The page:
When Dad died and I helped clean out his apartment, I found a stash of Irish Spring soap. I didn’t inherit Dad’s need to stock up on things: I gave most away, but I took one, and now, over two years later, it still sits at my bathroom sink. Every day or so I smell it: a smell that will forever remind me of him. If I’m really brave, I wash my hands with it and smell him throughout the day. In the car I often turn the radio to All Classical 89.9, believing that I will hear at least one song that will remind me of him. Even if mom corrects me occasionally when I mention a song that I think he loved only to find it to be her song, not his. Sentimentality morphing memories.
Recently I came across a piece Dad wrote called “The Train, by Dick Montgomery, Visionary.” For this is another thing Dad left all of us – memories and a video, still on YouTube, capturing him as a tour guide of this fantastic model railroad. And though I briefly refer to this in my Memoir – I really don’t give it the attention it deserves. Dad put his love of rivers, ports and early Oregon history into his creation of this fictitious town of Zenith. And although I could never get Dad to start a blog late in his life, for those creative storytellers, “wanna be” model railroad builders, and those who loved Dick Montgomery: here are a few excerpts straight from the horse’s mouth (Dad’s description, certainly, not mine).
Dick Montgomery’s Train
The Train: By Dick Montgomery, Visionary
“I say visionary rather than creator because Jim Oliver and Patrick Montgomery had more to do with creating our TRAIN than I did – I merely visualized it and coursed, manipulated and pleaded with them to do the rest. Jim Oliver, a retired architect and dear friend from the Oregon Maritime Museum, created the track plan, designed and built the bench work and was the inspiration and much of the labor for Mt. Oliver and the Jim Oliver National Forest that required the placement of 2,500 trees. Patrick Montgomery laid the track and wired the entire layout (later assisted by Jack Applestill). My contribution was building models for most of the structures, creating the scenery and inventing the imaginary story lines. Jim modestly refers to himself as “The Mayor” and sees me only as “The Don,” a shoddy, unscrupulous land developer. Surprisingly, as the owner I have been forced to take a back seat in decision-making otherwise Jim constantly threatened, “I’ll quit.” The TRAIN has taken six years to complete at a cost of somewhere near $10,000.”
“As a boy my father” (my grandfather, Richard G. Montgomery, Sr.) “created what we called the “Project” – an “O” Gauge train layout on a ping pong table in the attic of our home on Willamette Heights at 3306 N.W. Thurman. Dad crafted scenery and notably the snow capped Bull Mountain….My chance for greater detail came many years later, in 1958 when as the father of two young sons I created the P&A Railroad in the basement bedroom of our new home in Sunset Heights….I picked Zenith as the name of my city following the name of Sinclair Lewis’ Zenith from his classic work “Babbitt” which I had just read. Just a few years later the Train room vanished with the coming of Michael, our fourth child….the only visual record of this train is on an 8 mm home movie.”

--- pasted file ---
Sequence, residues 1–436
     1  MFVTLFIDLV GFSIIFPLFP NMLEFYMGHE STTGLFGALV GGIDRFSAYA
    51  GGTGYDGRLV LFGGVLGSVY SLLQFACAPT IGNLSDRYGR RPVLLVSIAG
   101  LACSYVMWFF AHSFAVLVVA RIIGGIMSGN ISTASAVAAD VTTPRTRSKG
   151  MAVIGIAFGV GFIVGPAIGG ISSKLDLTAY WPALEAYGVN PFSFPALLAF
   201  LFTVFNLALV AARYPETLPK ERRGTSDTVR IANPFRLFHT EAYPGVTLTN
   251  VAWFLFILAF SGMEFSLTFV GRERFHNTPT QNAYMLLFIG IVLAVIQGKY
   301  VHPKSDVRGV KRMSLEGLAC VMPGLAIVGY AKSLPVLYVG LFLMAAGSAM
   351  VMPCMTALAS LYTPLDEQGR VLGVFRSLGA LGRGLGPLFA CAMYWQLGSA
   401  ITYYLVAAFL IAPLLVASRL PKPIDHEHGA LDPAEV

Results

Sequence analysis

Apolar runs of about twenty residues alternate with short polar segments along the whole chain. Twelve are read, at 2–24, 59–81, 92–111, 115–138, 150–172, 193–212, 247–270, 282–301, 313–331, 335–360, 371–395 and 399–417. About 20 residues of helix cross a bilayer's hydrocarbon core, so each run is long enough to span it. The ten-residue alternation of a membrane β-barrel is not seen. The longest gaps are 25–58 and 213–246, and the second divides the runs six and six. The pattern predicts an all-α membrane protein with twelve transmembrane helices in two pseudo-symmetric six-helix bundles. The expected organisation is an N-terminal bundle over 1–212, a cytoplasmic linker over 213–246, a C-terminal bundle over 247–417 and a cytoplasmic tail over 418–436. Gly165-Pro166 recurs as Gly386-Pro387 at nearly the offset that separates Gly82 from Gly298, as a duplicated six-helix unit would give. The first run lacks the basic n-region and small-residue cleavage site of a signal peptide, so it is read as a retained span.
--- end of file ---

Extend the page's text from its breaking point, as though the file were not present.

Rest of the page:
A Creative Need
“Inspiration for our present TRAIN came in 2001 when the Port of Portland ended my services as an independent contractor “freelancer.”….Although I was still doing my weekly column for the Daily Shipping News I knew this would not be enough to keep me fully occupied and entertained. Eureka! A TRAIN became my answer….”
“As a visionary I am allowed great license with reality. Therefore, I have situated my city of Zenith in a valley surrounded by heavily forested mountains yet with access to the ocean and a thriving seaport: offering lumber and breakbulk import and export handling at the Zenith Public Docks Terminal 1 – a Shell Oil storage and distribution facility at Terminal 2 and a Cargill Brain Elevator at Terminal 3. A Champion meat packing plant is located next to Terminal 3. My seaport was influenced by my 50 years promoting commerce on the Columbia River and my familiarity with Columbia River seaports. Zenith is the imagined county seat of Union County.” (Dad was editor/publisher of the LaGrande Observer in the early 1970’s.)Taking complete license, I have placed Virginia City and its gold mines in the foot hills of my Union County. I take even more license with reality by locating the seaside fishing village of Westport close to Virginia City. The Green River runs through Union County with its head waters in the mountains deep within Jim’s colorful backdrop. It flows through Zenith, emptying into the ocean an an unseen point near Zenith Slough. The Green River runs also along the base of Mt. Oliver and bends into the Shamrock Lumber Company, where river log rafts are collected for cutting. Although the Green River passes along the edge of Zenith it is primarily a commercial waterway heavily used for the movement of logs. Recreational boating, swimming and fishing are relegated to Zenith Slough. My city of Zenith is set in the middle 1950’s while Virginia City and Westport are set in the late 1920s (see the period cars in each setting). The fishing village of Westport is patterned after Ilwaco, Washington, a beach town well known to my family….”